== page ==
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20 posts 1 2

Walnut-crotch bowl

#266548 by BuckeyeDennis » Wed Jan 15, 2020 10:00 am

Back in 2018, a friend of mine with a hundred-year-old house had a large walnut yard tree taken down. It was capital punishment for pelting his roof and siding with too many walnuts. He had the trunk and large limbs bandsawed into big beautiful slabs, beams, and boards. I had told him about the figure inside of walnut crotch pieces, but nevertheless they were headed for the firewood pile. So I brought them home for turning, and thanked my friend with a gallon of Anchorseal for the rest of his new walnut lumber.

Here's what the walnut crotch pieces looked like right after I chainsawed them in half.

Crotch flame walnut.JPG
Crotch flame walnut.JPG (1.16 MiB) Viewed 9830 times


Fast-forward to this last December, and my oldest daughter was wanting a nice wooden bowl for her new apartment. And I'd been wanting to try out my new-to-me Universal Tool Rest and new Pro Easy Rougher, not to mention wanting to make something with those walnut-crotch blanks. So I decided to turn her a bowl for a Christmas present. Problem was, I couldn’t get started on it until about a week before Christmas. So I researched accelerated bowl-drying methods, and decided to try the bury-it-in-desiccant method. Several reviews claimed that you can dry a rough-turned bowl in about three days, with little to no cracking. I was skeptical, but you'll see my results in the photos that follow.

Here's my daughter's bowl blank, trimmed down just enough to clear the way tubes, and mounted on a 6" faceplate. The rough blank started out at about 16” in diameter. To preserve as much of the crotch figure as possible, I used the center of the tree as the bottom of the bowl, and left some sapwood at the rim.

Blank on faceplate.JPG
Blank on faceplate.JPG (709.1 KiB) Viewed 9830 times


And here that blank is again, all trued up. Love that figure! The surface you're looking at will be the bottom of the bowl.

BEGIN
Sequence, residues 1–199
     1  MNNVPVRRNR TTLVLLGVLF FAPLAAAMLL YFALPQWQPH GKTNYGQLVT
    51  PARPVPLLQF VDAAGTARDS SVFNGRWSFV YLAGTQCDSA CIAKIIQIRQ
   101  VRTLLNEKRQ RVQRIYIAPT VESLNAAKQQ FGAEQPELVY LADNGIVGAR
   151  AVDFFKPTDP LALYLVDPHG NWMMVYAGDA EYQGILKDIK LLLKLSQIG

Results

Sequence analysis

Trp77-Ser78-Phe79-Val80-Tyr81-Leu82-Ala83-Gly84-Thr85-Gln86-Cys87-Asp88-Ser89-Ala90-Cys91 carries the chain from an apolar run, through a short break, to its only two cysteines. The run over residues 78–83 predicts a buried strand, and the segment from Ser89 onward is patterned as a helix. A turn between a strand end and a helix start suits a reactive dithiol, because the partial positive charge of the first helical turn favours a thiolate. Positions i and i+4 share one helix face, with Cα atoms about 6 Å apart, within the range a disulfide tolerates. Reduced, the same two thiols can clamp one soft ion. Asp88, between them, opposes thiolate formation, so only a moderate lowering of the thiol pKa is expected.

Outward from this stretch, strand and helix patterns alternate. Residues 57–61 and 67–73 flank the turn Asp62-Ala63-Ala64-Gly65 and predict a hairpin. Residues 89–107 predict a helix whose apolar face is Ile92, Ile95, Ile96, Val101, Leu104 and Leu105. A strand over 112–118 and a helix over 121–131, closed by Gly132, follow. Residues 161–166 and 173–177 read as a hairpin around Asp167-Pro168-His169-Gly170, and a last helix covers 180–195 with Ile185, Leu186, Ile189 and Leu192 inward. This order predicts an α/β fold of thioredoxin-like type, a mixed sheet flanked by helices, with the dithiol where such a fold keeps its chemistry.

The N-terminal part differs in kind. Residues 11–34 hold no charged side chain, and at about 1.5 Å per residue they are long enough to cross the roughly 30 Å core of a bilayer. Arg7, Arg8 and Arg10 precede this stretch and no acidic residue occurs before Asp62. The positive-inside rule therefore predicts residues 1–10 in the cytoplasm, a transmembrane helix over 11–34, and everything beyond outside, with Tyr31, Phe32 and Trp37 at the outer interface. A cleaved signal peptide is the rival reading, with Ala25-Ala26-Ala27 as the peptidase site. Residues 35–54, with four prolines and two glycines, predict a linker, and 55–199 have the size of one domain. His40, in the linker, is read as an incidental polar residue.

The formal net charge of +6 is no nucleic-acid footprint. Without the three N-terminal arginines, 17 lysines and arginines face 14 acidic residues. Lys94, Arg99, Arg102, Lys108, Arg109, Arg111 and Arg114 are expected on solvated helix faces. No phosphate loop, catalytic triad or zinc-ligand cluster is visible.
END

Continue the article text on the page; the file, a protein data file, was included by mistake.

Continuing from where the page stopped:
Trued up.JPG
Trued up.JPG (839.83 KiB) Viewed 9830 times


The blank was still fairly green when I rough-turned it. But after three days covered with desiccant in a plastic bag, the bowl weight had dropped by about 20%. An existing crack in the bottom of the bowl had opened a bit, another small one formed, and some slight checking appeared in the crotch-figure part. But there were no showstoppers, and some slow-curing epoxy penetrated and stabilized the cracks easily enough.

Then back it went on the lathe. While the bowl was still green, I'd been practicing trying to get good finish cuts, but kept having tear-out problems. But after the desiccant drying, I was able to get clean cuts with another new toy -- a Henry Taylor Kryo bowl scraper, burnished to form the sharpest hook that I could get on the cutting edge.

Here it is after finish turning and sanding to 220 grit, ready for the finish. Final bowl dimensions came out at 10-1/2” diameter, and 2-3/4” high.

Ready for finish.JPG
Ready for finish.JPG (655.61 KiB) Viewed 9830 times


Finish for the bowl was Minwax satin wipe-on poly, smoothed with 400-grit sandpaper every couple of coats. I didn’t get as many coats on as I wanted before Christmas morning, so my daughter got to decide on the final sheen. As it turned out, she preferred an even lower gloss. So I applied two or three more coats of the satin wipe-on poly, leveled the last coat with 600-grit sandpaper, and then rubbed it out with #000 steel wool.